– Household Electrical Circuits: In homes, RCBOs are installed to protect individual circuits, such as those for kitchen appliances, heating systems, or lighting circuits. They ensure that in the event of a fault (e.g., a damaged appliance causing a short circuit or a person coming into contact with a live part), the power is quickly cut off, reducing the risk of electrical shocks or fires.
    – Outdoor and Garden Areas: For outdoor sockets, lighting, or pond pumps, RCBOs provide crucial protection, especially given the increased risk of electrical faults due to weather conditions and outside elements.

    Commercial and Public Buildings
    – Office Buildings: RCBOs are used to protect circuits feeding computers, servers, lighting, and HVAC systems, safeguarding against potential fires and ensuring personnel safety.
    – Schools and Hospitals: Given the sensitivity of these environments, RCBOs are critical in protecting the electrical installations against faults, ensuring a safer environment for students, patients, and staff.

    Specialized Environments
    – Data Centers: RCBOs can protect against electrical faults in circuits powering sensitive equipment, preventing data loss and damage to expensive hardware.
    – Marine Applications: On boats and ships, RCBOs are used to protect electrical circuits from saltwater-induced corrosion and potential electrical faults.

    What are RCD, MCB, and RCBO?

    RCD is a residual current device, which prevents people from being shocked when they touch live equipment, or sometimes the circuit is destroyed, the wires are exposed, or the load equipment and circuit fail to cause an electrical fire. RCD can provide corresponding protection.

    MCB is called a miniature circuit breaker, which provides overcurrent protection. When there are too many load devices on the circuit and the current is too large, or the circuit is in a low resistance state to form a short circuit, the MCB will trip to prevent more serious situations from happening to protect the circuit.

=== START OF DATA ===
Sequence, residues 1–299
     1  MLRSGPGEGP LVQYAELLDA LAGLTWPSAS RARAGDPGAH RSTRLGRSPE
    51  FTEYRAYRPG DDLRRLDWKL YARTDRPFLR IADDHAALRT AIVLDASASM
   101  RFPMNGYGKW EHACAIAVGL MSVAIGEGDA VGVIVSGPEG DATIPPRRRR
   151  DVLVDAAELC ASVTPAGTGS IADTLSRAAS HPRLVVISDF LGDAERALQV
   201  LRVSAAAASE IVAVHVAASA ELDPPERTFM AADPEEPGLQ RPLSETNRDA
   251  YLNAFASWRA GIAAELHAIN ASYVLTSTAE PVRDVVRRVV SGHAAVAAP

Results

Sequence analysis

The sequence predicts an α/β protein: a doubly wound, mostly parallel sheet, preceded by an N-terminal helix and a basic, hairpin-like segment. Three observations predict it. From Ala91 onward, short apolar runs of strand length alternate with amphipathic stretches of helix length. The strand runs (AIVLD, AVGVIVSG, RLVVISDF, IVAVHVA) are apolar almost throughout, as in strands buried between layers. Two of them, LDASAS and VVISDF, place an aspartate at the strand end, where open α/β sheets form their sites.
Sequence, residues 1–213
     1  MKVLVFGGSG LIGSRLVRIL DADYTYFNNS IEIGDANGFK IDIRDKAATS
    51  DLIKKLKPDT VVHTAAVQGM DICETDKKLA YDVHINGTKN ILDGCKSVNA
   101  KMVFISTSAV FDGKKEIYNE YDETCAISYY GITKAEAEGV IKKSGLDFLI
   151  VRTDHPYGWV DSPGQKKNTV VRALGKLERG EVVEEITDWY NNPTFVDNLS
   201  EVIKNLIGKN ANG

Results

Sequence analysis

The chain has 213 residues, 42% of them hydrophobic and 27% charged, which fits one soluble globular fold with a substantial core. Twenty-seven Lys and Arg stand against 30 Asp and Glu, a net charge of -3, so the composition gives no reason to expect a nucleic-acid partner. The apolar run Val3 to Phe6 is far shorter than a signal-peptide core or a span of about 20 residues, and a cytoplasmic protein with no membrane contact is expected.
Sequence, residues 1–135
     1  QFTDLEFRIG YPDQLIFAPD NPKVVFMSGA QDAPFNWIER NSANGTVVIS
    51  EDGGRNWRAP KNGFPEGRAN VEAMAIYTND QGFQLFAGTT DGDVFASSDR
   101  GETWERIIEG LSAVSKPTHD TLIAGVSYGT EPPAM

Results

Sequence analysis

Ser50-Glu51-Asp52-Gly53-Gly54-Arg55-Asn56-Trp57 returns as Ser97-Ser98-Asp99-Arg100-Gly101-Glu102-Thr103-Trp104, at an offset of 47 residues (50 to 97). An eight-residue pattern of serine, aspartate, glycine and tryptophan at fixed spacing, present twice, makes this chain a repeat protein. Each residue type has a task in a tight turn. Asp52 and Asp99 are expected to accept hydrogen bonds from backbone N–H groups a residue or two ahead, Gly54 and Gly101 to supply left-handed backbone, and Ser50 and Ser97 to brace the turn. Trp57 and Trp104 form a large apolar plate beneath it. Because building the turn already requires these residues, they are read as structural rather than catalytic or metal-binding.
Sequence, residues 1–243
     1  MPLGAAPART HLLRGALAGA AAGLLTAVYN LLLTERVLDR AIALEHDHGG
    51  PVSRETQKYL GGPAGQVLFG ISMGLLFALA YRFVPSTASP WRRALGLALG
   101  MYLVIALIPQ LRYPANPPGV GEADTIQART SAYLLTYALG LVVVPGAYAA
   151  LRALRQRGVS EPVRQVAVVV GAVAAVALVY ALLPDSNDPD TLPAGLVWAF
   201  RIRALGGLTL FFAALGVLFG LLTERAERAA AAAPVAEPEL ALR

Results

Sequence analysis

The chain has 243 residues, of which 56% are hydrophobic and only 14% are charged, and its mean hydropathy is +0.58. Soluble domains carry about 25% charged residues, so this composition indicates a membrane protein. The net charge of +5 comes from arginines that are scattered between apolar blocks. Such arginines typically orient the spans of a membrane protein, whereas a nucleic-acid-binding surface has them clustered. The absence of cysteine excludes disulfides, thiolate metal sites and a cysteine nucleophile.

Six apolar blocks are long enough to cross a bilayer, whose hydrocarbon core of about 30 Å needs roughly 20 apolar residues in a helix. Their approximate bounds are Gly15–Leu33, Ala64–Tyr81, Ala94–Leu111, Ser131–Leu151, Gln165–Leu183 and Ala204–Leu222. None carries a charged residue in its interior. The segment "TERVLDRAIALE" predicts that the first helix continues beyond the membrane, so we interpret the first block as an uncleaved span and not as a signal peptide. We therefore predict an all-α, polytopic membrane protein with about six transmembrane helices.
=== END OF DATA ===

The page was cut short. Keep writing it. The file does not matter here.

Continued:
RCBO combines the functions of RCD and MCB, and its compact size is more suitable for places with limited space than the combination of RCD and MCB. The installation time can also be reduced, and it can completely replace the combination of RCD and MCB.

    What are the disadvantages of using an RCBO to protect a circuit?

    While RCBOs provide comprehensive circuit protection and enhance safety, there are some disadvantages to consider when using them:
    1. Cost:
    RCBOs are generally more expensive than separate RCDs and MCBs (miniature circuit breakers). Integrated technology that provides dual protection also results in higher upfront costs.
    2. Installation and Space:
    While RCBOs can save space compared to installing both an RCD and an MCB, they still take up more space on the switchboard than a single MCB. Space can be an issue when retrofitting older switchboards that were not designed for these devices.
    3. Complexity:
    RCBOs add complexity to the electrical system. In situations where multiple RCBOs are used, identifying which one has tripped due to a fault condition can take more time, especially if they are not properly labeled.
    4. Compatibility:
    With a variety of types and ratings available, ensuring compatibility with existing switchboards and systems can be challenging. RCBOs must be carefully selected to match the power needs and safety requirements of the circuits they are protecting.
    5. Nuisance Tripping:
    Given that RCBOs are sensitive devices used to detect current imbalances, they can sometimes trip unnecessarily due to transient conditions or electrical noise, which can be inconvenient.
    Despite these drawbacks, RCBOs are still widely used for circuit protection because they have combined protection features against leakage and overcurrent, which in many applications can offset the potential drawbacks. It is always important to weigh the advantages and disadvantages specific to the building and electrical system environment.